"Joe was unbelievably poised," Clayton said. "I almost don’t consider him a rookie quarterback. He came out here ready and poised to put us in a position to win the game."
Flacco also had the presence of mind to get rid of the ball whenever he was pressured. He was only knocked down a few times.
"This was the beginning for Joe," Harbaugh said. "This is going to be a jumping-off point. Now, we’ve got an idea of where he’s at and what he needs to do to get better.
“He played well, but he needs to take this week into next week and make the most improvement maybe that he will ever make in his career. That should be his goal."
After a lengthy quarterback carousel that makes Flacco the 16th different quarterback to start in the Ravens’ 13 year of existence, including a dozen during the Brian Billick era that ended following last season, the Ravens are hoping to grow with the

New Jersey
In the stands, fans chanted, "Let’s go, Flacco," and held up purple signs with his name on them.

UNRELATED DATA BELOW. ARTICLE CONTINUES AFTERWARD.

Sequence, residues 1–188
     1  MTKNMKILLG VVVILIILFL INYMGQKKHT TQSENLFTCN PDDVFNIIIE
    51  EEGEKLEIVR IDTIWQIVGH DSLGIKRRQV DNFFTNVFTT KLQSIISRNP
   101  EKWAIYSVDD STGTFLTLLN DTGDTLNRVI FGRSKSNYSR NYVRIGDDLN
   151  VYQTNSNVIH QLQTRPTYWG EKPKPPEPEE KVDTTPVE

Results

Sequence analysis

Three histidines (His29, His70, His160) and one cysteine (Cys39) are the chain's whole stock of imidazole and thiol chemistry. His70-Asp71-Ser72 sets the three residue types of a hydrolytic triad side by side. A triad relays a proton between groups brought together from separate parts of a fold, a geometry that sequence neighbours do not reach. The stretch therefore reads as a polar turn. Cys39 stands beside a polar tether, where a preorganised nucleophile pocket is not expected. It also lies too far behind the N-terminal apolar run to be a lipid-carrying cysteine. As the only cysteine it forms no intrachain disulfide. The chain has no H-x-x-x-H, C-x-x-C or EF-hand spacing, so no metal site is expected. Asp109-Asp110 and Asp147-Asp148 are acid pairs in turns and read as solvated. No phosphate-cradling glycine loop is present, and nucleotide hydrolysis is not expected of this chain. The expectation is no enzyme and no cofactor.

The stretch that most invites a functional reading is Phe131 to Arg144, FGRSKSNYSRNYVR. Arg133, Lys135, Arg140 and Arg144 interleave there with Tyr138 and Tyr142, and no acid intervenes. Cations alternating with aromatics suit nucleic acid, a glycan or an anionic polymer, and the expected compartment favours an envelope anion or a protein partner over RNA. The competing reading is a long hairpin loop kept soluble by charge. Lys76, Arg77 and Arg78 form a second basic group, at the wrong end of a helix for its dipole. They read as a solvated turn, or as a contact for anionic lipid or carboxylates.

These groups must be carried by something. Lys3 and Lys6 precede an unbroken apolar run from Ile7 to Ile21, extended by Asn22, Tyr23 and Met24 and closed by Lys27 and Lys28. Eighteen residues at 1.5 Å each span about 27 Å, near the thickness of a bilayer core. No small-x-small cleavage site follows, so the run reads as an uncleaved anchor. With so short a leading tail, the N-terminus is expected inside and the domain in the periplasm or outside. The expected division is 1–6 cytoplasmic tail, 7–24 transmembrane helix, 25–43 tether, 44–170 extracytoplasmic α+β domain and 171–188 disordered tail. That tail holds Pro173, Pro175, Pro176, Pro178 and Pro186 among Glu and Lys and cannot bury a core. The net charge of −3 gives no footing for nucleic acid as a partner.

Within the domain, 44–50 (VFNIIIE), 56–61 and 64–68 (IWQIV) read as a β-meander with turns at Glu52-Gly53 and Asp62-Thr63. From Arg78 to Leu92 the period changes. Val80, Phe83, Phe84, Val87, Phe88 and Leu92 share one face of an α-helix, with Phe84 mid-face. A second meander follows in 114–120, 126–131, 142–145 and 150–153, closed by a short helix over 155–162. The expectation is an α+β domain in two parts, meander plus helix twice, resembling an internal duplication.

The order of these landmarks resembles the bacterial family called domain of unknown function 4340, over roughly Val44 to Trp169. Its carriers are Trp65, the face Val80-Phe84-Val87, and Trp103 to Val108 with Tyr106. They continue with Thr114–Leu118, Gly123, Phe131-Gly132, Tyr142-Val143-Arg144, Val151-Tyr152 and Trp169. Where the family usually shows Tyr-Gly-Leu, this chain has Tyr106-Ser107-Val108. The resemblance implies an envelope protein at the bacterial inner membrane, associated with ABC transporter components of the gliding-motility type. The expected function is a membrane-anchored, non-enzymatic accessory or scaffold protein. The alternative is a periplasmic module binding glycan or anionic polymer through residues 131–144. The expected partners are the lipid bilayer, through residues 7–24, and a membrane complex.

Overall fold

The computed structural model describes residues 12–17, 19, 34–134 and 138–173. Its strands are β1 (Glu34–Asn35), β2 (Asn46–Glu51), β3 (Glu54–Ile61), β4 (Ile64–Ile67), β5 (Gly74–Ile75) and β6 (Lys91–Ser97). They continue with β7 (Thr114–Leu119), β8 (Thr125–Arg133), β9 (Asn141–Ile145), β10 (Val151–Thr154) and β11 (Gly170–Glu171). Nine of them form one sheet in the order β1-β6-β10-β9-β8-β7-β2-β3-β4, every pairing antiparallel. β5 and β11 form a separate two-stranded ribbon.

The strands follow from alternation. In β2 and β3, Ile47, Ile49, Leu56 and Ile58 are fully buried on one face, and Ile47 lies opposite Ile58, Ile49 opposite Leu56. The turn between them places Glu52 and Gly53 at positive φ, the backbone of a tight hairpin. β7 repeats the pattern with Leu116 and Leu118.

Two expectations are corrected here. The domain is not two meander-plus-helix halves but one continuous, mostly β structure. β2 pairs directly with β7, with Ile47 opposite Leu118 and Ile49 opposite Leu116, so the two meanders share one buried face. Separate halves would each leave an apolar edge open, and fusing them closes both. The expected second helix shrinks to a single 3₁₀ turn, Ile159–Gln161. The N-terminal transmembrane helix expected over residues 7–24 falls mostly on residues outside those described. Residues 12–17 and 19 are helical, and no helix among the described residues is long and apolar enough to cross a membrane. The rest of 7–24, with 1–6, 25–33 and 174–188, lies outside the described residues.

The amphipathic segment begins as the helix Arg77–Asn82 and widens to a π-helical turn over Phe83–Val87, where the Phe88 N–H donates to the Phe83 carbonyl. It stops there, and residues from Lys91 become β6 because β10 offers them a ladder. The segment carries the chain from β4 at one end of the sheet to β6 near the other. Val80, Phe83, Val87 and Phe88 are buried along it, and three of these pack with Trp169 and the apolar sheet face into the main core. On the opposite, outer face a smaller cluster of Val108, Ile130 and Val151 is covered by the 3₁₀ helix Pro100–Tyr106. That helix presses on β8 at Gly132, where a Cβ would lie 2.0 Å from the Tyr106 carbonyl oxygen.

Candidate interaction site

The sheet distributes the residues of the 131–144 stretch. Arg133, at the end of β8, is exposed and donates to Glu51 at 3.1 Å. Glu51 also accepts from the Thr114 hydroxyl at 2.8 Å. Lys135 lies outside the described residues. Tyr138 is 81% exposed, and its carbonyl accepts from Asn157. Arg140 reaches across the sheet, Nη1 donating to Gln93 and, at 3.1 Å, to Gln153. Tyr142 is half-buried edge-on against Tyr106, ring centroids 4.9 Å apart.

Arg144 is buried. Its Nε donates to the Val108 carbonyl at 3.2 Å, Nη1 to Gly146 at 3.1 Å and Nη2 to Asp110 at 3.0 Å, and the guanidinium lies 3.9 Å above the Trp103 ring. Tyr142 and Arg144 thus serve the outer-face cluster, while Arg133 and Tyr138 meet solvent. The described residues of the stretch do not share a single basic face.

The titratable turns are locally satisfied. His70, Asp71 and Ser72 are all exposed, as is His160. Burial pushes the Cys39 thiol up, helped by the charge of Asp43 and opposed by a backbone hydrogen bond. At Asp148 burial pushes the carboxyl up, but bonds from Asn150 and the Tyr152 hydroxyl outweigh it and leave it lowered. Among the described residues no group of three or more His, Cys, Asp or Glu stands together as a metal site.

"I kind of thought I heard it, but I wasn’t really sure," Flacco said. "I thought, ‘Why would they be doing that? Hey, if I can keep them on my side like that, it will be a good time."


Aaron Wilson covers the Baltimore Ravens for the Carroll County Times and the Annapolis Capital.

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Aaron Wilson

About Aaron Wilson

Aaron Wilson covers the NFL for National Football Post as well as the Baltimore Ravens for The Carroll County Times and Ravens24x7.com. He has previously covered the Jacksonville Jaguars and Tennessee Titans and has covered the NFL since 1997.  He has won several regional writing awards, including, most recently, Best Sports News Story for the state of Maryland in voting conducted by the Associated Press managing editors.